‘Summer-Winter’ was conceived in 1988, as a commission from the city of Malmö for the 10-year anniversary of the pedestrian precinct, which consists of two streets, one big one intersecting with a smaller one. I suggested that ten blocks of ice, as large as possible, should be placed at the intersection, in the middle of summer. I had seen it before – snow and ice high up in the Alps and massive, glittering glacier walls in New Zealand. The joining of two opposites, two different seasons, is dazzling and unreal.

Could this vision be transferred to Malmö? Ice in the middle of summer in a city that normally does not have snow even in winter? The idea was simple. The blocks of ice were deep-frozen and placed in a formation where they overlapped each other, making up something that was shaped like a small glacier. To produce the ice blocks we used simple wooden moulds which were filled with crushed ice. It was frozen to 30 degrees centigrade below zero, and more cold water was added little by little. The ice blocks were made as big as possible, their size only limited by problems of handling and transportation.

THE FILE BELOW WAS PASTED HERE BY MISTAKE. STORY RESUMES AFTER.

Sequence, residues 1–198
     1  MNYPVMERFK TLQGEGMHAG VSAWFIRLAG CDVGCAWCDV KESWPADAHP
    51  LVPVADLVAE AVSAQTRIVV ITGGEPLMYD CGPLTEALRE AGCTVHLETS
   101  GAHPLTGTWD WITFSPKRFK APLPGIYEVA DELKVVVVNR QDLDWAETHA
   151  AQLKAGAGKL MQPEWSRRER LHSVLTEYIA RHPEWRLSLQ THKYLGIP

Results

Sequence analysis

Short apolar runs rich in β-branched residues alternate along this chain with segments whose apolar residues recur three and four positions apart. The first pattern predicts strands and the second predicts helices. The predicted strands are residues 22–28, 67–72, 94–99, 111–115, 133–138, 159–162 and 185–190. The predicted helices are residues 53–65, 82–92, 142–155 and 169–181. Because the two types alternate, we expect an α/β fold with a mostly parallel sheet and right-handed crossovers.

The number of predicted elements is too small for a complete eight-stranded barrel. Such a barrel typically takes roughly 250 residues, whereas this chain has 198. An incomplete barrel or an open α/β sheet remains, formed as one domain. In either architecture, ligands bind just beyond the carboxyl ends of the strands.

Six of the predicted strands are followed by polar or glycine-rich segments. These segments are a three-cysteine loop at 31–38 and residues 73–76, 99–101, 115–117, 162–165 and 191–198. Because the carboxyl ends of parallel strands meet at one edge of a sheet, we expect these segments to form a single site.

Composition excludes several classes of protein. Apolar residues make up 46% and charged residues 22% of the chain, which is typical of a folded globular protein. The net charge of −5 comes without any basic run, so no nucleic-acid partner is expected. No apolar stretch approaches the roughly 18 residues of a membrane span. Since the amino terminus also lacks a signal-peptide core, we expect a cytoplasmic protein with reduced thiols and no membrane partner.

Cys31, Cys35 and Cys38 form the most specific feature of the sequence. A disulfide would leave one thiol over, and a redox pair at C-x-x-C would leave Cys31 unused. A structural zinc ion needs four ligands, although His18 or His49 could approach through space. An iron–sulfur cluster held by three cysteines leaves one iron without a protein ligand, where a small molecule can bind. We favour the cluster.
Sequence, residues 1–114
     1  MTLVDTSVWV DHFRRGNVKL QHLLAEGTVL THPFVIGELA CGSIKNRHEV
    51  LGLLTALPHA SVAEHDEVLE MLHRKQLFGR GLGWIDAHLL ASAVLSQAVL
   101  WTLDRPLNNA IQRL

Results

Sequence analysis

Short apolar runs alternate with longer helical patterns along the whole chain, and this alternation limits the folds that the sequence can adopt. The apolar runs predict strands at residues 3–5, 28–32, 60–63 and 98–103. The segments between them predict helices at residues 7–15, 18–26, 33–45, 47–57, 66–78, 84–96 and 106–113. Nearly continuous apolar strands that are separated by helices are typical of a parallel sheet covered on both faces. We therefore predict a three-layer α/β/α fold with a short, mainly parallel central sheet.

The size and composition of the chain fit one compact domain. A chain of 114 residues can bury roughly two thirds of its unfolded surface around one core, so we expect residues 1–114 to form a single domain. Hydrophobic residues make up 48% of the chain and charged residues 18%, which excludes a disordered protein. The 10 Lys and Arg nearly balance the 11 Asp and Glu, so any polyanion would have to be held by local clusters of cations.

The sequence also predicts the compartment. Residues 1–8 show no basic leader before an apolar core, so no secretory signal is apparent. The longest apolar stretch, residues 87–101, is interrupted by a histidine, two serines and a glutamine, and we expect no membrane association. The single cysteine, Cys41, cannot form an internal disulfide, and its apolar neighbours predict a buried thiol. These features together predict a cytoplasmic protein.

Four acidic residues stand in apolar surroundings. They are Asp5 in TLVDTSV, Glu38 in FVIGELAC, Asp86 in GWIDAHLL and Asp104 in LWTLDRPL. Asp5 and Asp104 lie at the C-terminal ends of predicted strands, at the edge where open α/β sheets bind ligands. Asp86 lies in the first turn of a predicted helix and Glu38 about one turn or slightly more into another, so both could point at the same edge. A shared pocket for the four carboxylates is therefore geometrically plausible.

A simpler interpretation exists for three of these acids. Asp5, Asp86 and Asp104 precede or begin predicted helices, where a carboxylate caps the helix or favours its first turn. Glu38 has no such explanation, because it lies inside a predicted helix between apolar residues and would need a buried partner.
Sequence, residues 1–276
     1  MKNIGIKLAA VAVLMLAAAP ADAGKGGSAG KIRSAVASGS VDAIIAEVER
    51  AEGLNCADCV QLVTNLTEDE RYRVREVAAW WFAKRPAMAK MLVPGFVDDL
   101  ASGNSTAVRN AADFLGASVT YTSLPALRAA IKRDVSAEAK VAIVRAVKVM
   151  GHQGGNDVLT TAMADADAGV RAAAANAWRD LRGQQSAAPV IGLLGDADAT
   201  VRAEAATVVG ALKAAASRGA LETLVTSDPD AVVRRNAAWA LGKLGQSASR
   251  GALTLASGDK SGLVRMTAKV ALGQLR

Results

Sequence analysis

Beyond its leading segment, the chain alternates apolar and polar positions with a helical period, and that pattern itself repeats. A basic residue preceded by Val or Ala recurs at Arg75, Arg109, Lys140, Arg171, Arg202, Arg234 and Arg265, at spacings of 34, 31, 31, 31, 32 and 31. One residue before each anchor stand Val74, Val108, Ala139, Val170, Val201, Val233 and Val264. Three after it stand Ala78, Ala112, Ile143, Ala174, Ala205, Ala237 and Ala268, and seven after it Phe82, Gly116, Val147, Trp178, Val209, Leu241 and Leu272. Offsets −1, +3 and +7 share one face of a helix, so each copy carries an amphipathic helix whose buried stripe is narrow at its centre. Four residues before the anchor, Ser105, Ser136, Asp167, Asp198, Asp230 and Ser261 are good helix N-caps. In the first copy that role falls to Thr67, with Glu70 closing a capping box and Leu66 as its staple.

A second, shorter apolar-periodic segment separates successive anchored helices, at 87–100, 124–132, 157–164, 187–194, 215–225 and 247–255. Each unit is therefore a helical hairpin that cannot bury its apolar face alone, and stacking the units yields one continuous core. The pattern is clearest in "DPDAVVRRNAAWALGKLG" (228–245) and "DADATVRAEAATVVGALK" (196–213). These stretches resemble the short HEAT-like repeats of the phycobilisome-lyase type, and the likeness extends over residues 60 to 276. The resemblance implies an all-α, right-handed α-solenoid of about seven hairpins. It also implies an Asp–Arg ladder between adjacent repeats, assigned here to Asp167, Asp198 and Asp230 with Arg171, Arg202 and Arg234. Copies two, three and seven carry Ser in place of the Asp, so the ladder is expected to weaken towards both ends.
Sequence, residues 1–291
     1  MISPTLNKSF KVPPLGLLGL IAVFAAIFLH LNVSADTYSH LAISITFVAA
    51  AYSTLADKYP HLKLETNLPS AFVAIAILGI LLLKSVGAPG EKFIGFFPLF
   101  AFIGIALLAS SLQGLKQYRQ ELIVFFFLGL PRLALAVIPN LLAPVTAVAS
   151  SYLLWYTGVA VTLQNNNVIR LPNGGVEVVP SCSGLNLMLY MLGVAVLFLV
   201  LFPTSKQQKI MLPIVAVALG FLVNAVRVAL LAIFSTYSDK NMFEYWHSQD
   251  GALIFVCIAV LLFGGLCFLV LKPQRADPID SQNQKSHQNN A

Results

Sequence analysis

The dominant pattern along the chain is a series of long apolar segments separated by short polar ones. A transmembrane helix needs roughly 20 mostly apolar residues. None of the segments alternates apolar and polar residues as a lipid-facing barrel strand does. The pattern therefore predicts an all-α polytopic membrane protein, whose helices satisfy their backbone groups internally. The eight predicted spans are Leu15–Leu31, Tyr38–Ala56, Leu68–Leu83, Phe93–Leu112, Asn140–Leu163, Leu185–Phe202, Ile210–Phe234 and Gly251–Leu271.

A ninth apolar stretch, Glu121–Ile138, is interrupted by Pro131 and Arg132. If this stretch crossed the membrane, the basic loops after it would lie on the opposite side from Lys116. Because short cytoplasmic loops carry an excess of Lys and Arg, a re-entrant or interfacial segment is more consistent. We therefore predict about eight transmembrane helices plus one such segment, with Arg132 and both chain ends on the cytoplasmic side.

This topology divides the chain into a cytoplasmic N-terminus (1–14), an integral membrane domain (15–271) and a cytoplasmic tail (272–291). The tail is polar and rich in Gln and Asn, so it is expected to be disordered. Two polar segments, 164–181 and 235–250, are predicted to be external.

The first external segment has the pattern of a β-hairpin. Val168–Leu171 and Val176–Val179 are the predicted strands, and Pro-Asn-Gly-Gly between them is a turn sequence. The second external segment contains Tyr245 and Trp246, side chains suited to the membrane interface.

The ice blocks were delivered to the pedestrian precinct early one morning. I felt tense; they had been waiting in the freezing plant for several weeks. The summer had been unusually cold; it was only now, in August, that the weather was getting warmer, and this cold celebration gave the citizens of Malmö quite a surprise. The blocks of ice remained over the weekend. They melted in places, irregularly, in glittering formations looking like rocks by the sea. They were more beautiful than I had expected. The water between the ice fragments melted faster, exposing the crushed ice. This gave the blocks a special look, as if they were made from piled-up pendants from chandeliers. It was wonderful to watch grown-ups behave like kids; they touched the ice eagerly, they walked among the ice blocks. Nobody asked what the big idea was or how much it had cost.